Telegram, the high-security messaging app, has shut down 78 Islamic State-related channels. Here's a look at what the app is and why terrorists are using it. (Jhaan Elker/The Washington Post)

Pavel Durov knew that terrorists might be using his app to communicate. And he decided it was something he could live with.

“I think that privacy, ultimately, and our right for privacy is more important than our fear of bad things happening, like terrorism,” the founder of Telegram, a highly secure messaging app, said at a TechCrunch panel in September when asked if he “slept well at night” knowing his technology was used for violence.

“If you look at ISIS, yes, there’s a war going on in the Middle East,” he continued. “Ultimately, ISIS will find a way to communicate with its cells, and if any means doesn’t feel secure to them, they’ll [find something else]. We shouldn’t feel guilty about it. We’re still doing the right thing, protecting our users’ privacy.”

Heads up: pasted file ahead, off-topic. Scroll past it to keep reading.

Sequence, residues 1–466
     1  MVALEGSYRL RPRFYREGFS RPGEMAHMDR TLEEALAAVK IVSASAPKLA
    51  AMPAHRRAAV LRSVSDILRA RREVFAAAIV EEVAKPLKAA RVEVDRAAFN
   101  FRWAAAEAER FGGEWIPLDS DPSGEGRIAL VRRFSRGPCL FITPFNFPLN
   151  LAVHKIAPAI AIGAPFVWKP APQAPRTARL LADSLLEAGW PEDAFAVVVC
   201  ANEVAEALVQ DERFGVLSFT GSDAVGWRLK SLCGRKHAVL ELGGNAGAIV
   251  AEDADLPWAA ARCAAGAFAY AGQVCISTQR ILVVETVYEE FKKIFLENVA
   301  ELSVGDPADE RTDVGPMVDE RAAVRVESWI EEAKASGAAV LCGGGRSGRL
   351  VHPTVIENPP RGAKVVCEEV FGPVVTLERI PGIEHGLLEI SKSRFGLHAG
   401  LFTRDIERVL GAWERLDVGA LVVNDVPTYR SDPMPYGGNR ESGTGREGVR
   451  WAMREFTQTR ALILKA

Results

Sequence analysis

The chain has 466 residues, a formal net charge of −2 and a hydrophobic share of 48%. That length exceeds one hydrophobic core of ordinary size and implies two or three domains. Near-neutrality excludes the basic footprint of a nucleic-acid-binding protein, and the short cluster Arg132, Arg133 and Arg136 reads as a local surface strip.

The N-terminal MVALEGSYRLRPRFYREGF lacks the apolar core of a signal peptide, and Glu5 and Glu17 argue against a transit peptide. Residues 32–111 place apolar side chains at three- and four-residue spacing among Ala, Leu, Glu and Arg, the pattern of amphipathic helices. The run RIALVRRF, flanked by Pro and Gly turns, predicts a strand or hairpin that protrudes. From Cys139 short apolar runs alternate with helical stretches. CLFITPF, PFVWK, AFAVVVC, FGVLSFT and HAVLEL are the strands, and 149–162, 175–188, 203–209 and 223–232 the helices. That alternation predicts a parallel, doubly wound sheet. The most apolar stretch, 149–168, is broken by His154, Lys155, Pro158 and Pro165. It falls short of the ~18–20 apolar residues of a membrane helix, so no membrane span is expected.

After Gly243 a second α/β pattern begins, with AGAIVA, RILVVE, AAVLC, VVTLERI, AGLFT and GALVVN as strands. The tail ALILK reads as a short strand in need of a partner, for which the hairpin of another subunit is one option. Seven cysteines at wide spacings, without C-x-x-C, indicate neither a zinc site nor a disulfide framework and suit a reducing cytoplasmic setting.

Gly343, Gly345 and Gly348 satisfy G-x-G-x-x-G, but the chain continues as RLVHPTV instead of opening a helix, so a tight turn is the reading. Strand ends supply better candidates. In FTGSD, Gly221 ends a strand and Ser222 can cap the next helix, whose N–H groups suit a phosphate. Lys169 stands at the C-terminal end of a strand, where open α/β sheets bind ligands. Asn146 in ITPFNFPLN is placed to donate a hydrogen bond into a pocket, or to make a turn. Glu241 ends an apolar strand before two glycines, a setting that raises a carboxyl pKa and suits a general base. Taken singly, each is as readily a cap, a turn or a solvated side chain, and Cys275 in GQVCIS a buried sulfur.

Even after the Islamic State used the app to claim responsibility for an attack that killed 129 and wounded more than 350 in Paris, the man known as “the Russian Mark Zuckerberg” was unswayed, BuzzFeed reported.

Some called for encrypted chat programs like Telegram to be banned, in light of reports that militants used the highly secure systems to communicate.

But Durov responded, “I propose banning words. There’s evidence that they’re being used by terrorists to communicate,” in a post on the Russian social networking site VKontakte (which he co-founded). In a Facebook post, Durov blamed “shortsighted socialists” in the French government for the attacks as much as Islamic State militants.

Which is why a statement from Telegram posted on its site Wednesday comes as something of a surprise.

“We were disturbed to learn that Telegram’s public channels were being used by ISIS to spread their propaganda,” it read. “… As a result, this week alone we blocked 78 ISIS-related channels across 12 languages.”